Starting Sept. 11, the Hook and Ladder Theater and Lounge – the venue in the firehouse formerly known as Patrick’s Cabaret – will host a free jazz performance every second Tuesday for four months. Called “Jazz Indeed,” it’s a toe in the water for a place that has presented almost everything but jazz. And it’s a solid starter lineup.
Tuesday, Sept. 11: Atlantis Quartet. You can’t go wrong with this modern jazz group of four fine players: Brandon Wozniak (sax), Zacc Harris (guitar), Chris Bates (bass), Pete Hennig (drums). City Pages named them Best Jazz Artist in 2011, they won a McKnight Fellowship and they’ve released four albums (so far) of original music.
Tuesday, Oct. 9: Josh Granowski’s Special Music. Bassist Granowski leads a solid, inventive quartet with Davu Seru on drums, Noah Ophoven-Baldwin on cornet, and Jake Baldwin on trumpet.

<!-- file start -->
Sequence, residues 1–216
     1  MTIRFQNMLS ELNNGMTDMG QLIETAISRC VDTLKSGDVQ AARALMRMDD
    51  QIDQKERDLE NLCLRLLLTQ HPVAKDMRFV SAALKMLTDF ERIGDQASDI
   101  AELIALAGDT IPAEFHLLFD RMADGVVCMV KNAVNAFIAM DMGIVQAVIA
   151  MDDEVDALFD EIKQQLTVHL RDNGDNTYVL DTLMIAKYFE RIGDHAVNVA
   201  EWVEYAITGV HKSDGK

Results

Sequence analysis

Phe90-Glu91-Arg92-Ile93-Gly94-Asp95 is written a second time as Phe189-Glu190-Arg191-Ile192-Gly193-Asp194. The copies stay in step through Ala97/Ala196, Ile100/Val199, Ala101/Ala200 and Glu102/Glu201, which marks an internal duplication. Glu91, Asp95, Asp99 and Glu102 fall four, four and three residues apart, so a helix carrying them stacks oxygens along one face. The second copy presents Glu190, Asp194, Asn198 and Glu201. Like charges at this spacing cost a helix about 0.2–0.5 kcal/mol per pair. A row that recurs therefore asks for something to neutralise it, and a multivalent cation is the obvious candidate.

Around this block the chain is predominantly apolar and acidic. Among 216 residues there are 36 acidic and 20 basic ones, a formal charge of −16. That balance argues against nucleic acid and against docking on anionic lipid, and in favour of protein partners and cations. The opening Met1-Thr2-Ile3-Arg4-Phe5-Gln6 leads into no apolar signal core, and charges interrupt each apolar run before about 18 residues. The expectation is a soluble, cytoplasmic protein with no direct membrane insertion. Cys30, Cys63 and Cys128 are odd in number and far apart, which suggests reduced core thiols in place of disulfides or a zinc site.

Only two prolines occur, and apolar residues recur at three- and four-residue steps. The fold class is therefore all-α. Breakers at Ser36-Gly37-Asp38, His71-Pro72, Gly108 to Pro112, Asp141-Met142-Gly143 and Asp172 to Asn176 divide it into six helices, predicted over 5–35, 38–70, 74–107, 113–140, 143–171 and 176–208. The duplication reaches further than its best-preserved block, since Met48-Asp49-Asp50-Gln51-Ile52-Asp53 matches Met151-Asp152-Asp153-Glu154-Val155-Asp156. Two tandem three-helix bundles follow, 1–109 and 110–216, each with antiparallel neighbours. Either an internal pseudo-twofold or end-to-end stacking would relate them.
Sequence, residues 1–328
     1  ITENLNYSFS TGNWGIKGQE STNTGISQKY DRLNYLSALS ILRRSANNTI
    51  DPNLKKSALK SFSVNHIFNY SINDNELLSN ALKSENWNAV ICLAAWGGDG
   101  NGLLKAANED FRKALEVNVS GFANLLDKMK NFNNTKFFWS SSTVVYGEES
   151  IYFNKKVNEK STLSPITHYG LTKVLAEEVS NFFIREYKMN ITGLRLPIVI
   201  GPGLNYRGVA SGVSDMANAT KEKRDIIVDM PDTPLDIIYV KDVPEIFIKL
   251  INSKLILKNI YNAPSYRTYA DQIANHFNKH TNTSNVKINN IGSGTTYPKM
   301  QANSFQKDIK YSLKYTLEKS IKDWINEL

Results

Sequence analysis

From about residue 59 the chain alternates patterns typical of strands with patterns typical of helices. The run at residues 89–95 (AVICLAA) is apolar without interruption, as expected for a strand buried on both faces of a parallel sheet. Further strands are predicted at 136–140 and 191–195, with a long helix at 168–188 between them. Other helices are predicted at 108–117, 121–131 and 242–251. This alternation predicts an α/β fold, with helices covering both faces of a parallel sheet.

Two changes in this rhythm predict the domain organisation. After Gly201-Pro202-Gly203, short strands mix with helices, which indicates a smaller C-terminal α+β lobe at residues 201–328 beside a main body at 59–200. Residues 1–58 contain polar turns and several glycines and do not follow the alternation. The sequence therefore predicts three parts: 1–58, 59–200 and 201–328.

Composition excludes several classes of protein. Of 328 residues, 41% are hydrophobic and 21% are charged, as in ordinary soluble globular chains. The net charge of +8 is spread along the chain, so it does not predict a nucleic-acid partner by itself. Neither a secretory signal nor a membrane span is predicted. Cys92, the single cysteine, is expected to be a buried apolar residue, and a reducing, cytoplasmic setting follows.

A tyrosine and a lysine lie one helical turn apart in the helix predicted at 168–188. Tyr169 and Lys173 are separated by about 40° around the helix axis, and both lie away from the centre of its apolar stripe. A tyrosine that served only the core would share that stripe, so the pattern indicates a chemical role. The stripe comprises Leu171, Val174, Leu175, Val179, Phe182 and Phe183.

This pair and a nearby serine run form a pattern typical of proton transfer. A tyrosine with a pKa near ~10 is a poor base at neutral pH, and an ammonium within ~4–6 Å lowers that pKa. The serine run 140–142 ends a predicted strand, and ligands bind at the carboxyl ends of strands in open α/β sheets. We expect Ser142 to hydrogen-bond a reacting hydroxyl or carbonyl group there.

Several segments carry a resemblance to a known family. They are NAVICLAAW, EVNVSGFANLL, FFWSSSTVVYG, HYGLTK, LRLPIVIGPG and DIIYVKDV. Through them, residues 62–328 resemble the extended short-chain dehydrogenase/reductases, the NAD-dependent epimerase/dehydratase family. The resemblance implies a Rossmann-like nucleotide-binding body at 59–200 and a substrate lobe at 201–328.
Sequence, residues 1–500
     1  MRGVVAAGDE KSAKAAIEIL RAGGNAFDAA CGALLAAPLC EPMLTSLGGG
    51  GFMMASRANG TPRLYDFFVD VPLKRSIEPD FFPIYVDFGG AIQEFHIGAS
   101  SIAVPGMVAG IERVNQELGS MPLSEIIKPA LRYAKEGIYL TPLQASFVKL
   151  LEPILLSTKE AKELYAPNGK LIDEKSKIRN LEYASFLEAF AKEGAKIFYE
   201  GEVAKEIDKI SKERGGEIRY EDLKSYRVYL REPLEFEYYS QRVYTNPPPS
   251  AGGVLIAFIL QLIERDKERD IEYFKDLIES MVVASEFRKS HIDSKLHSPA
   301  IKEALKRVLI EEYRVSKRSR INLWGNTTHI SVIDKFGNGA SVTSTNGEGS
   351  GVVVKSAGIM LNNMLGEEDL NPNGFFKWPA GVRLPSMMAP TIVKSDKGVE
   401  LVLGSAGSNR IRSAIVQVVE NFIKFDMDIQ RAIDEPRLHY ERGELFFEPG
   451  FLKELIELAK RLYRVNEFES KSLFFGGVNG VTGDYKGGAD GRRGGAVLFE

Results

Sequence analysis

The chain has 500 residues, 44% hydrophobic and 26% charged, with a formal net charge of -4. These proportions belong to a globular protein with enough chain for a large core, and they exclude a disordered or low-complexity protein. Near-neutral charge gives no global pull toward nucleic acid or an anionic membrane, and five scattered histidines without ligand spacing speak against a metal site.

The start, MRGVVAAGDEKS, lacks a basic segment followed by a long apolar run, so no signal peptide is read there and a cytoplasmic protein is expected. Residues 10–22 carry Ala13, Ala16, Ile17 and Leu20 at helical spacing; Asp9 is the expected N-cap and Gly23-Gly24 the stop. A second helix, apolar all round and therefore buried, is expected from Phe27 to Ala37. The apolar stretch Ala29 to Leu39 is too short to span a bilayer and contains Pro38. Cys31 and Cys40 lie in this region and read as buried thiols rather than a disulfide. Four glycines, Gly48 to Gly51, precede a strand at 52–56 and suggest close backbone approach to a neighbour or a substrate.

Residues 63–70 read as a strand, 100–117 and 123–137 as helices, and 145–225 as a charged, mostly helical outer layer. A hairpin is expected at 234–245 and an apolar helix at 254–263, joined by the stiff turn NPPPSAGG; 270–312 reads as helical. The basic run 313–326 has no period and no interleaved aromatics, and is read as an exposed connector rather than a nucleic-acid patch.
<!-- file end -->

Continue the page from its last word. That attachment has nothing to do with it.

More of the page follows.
Tuesday, Nov. 13: JT Bates’ Grain. Bates, one of the Twin Cities’ busiest, most versatile and in demand drummers, curates the JT’s Jazz Explosion at Icehouse. He recently played the Hollywood Bowl with Justin Vernon and TU Dance. Whatever he does is interesting. Grain is his organ trio with Kevin Gastonguay on Hammond B3 and Zacc Harris on guitar.
Tuesday, Dec. 11: Dave Karr & Friends. The highly respected Twin Cities saxophonist, now in his 80s, came of age in the bebop era and has played with a long list of luminaries. His “friends” could be anyone, because everyone wants to play with him.
Door and beer samples at 6 p.m., music at 7. Free.
At the Minnesota History Center: “Somalis + Minnesota.” Minnesota is home to the largest population of Somalis in the United States. In November, we’re likely to elect the first Somali-American to Congress, Ilhan Omar. Created in partnership with the Somali Museum of Minnesota, this 2,400-square-foot, 700-piece exhibit tells the story of Somali immigrants, their arrival in Minnesota, their struggles and successes. Visit a reconstructed nomadic hut imported from Somalia; learn how to load a camel for travel across the desert. Historic photographs and objects are brought to life through commentary by Somali historians living in Minnesota. Videos and interactive photo panels feature Somali Minnesotans from across the state. Exhibit included with History Center admission. Closes June 9, 2019.